Andrew Collins, writer and broadcaster

“I rarely DJ any more outside of family gatherings, but could. When I sold my entire vinyl collection for practical reasons in 2005, I held on to my 7” singles, which, miraculously, fit into a flight case that’s too heavy to comfortably carry, and a selection of cherished Eighties 12”s that fit into a flight case that’s easy to carry. Between the two containers, I could do you a pretty sound Seventies/Eighties/Nineties disco night. Or, with my laptop, something for the kids, but never mind them.” – Andrew Collins, May 2016

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Recommended: Bad Wisdom

Bad Wisdom: The Lighthouse At The Top Of The World
Book by Bill Drummond & Mark Manning (Penguin, 1996)

It’s winter 1992 and self-proclaimed Zen Masters Bill Drummond, formerly of The KLF, Mark Manning aka Zodiac Mindwarp and former Jesus Jones roadie and Falklands War veteran Gimpo embark on a drive to the North Pole in a rental Ford Escort whereupon they intend to lay a picture of Elvis Presley on the ground, perform a kung-fu dance, light some joss sticks and save Earth. Written as part factual-ish on-the-road account and part fantasy adventure, the mix of endless driving, bingo, daytime radio and warped carnage (Viking ice-biker chainsaw battles, lakes of blood, extreme Nordic mind trips where you swim with dolphins for a billion years) means that once the journey is over, it’ll feel pointless ever booking a holiday again. LG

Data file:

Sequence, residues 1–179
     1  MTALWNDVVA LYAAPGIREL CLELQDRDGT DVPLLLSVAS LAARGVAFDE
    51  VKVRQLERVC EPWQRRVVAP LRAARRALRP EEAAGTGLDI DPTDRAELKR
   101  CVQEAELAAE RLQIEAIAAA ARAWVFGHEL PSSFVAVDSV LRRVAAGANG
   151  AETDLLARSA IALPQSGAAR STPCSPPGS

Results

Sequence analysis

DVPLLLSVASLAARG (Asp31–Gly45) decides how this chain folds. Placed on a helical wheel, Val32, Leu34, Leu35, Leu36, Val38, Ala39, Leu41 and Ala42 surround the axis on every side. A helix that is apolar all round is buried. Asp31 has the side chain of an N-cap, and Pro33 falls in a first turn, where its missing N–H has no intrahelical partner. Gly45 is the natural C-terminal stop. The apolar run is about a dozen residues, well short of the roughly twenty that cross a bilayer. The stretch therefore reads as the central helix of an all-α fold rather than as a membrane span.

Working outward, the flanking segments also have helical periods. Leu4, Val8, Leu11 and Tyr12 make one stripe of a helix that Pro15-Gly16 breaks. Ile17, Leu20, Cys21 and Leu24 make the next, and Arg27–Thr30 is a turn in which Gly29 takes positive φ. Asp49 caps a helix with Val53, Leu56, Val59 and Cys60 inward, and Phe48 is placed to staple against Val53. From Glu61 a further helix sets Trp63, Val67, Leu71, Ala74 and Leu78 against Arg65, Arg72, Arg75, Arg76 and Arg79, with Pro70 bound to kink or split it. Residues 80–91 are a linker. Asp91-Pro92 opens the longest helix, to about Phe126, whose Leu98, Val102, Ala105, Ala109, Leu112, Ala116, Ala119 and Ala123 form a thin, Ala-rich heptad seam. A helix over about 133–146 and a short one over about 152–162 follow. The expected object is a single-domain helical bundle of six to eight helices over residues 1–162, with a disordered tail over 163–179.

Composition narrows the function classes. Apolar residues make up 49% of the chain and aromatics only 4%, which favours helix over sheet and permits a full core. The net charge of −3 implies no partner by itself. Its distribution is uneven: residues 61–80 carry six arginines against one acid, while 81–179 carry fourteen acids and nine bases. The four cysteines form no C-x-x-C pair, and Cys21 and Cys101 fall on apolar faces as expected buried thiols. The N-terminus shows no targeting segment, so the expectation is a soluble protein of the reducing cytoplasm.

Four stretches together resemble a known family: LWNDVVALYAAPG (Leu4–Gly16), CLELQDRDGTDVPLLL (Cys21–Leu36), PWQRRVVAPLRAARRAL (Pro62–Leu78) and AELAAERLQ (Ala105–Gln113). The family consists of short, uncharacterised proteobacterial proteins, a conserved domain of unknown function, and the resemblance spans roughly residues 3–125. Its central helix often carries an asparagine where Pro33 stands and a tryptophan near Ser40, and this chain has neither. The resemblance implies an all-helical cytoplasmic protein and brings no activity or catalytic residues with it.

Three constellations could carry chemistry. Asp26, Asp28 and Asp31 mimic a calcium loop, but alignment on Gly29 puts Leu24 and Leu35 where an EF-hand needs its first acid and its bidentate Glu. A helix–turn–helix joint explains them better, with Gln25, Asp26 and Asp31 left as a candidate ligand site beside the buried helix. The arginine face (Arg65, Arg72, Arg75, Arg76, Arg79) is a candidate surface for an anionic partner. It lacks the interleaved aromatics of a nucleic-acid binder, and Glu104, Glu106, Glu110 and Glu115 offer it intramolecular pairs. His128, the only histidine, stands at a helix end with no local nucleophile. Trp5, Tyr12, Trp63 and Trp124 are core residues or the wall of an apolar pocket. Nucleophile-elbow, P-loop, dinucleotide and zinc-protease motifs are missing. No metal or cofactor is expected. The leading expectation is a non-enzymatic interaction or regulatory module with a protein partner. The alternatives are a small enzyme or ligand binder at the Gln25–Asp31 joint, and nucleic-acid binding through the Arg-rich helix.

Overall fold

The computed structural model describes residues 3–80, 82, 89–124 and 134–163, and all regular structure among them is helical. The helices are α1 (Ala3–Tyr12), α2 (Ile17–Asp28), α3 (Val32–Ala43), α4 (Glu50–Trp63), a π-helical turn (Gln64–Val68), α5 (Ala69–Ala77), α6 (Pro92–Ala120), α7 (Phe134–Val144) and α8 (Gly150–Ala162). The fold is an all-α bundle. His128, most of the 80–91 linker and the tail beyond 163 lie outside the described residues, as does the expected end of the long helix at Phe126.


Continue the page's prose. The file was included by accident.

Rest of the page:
Brighton rock: The Great Escape festival

By Lee Gale

Seagulls pinching chips from kids is one thing but swiping a cheese-and-onion sandwich from the hand of a ravenously hungry adult is a dangerous new development. A flash of feathers and a flap of webbed feet and it’s off. To add insult to injury, a punch aimed at the departing bird goes wildly astray and for a moment, I am an unwitting and unpaid comedy act at Brighton’s Great Escape festival. Naturally, titters follow from lunchtime drinkers. The seagull flaps its mighty wings just twice and lands on the roof of a nearby Pizza Express: job done. Continue reading Brighton rock: The Great Escape festival

Birds of Snowdonia

Illustrations Edwyn Collins  Words Lee Gale

In 2005, Edwyn Collins suffered two strokes, the result of brain haemorrhages caused by high blood pressure. To begin his rebuilding process, Edwyn picked up a pencil and pad and began drawing birds.

As a child, Edwyn was a keen twitcher and even reared an abandoned fledgling greenfinch in his Dundee bedroom, feeding it a watery mix of wild-bird food Swoop. The female greenfinch, named Tweety Pie, would start its sweet song at 5am, waking the household up in the process. Tweety Pie later made a nest in the garden and, if Edwyn left his bedroom window open, would call in.

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Is there a Mr Hodges in the house? [2000 interview with Mike Hodges, film director]

The man who made Get Carter in 1971 is not in the best of moods. Mike Hodges’ journey from Dorset to London has been dogged by train-company failures. Spur-of-the-moment timetable changes mean that Hodges’ nerves are rattled and as it’s 10.30am, it’s too early to go to the pub. If the man who brought Jack Carter to life is hacked off, we’d better be careful. We don’t want to be thrown out of the window of this Leicester Square hotel like Alf Roberts was at that Gateshead car park.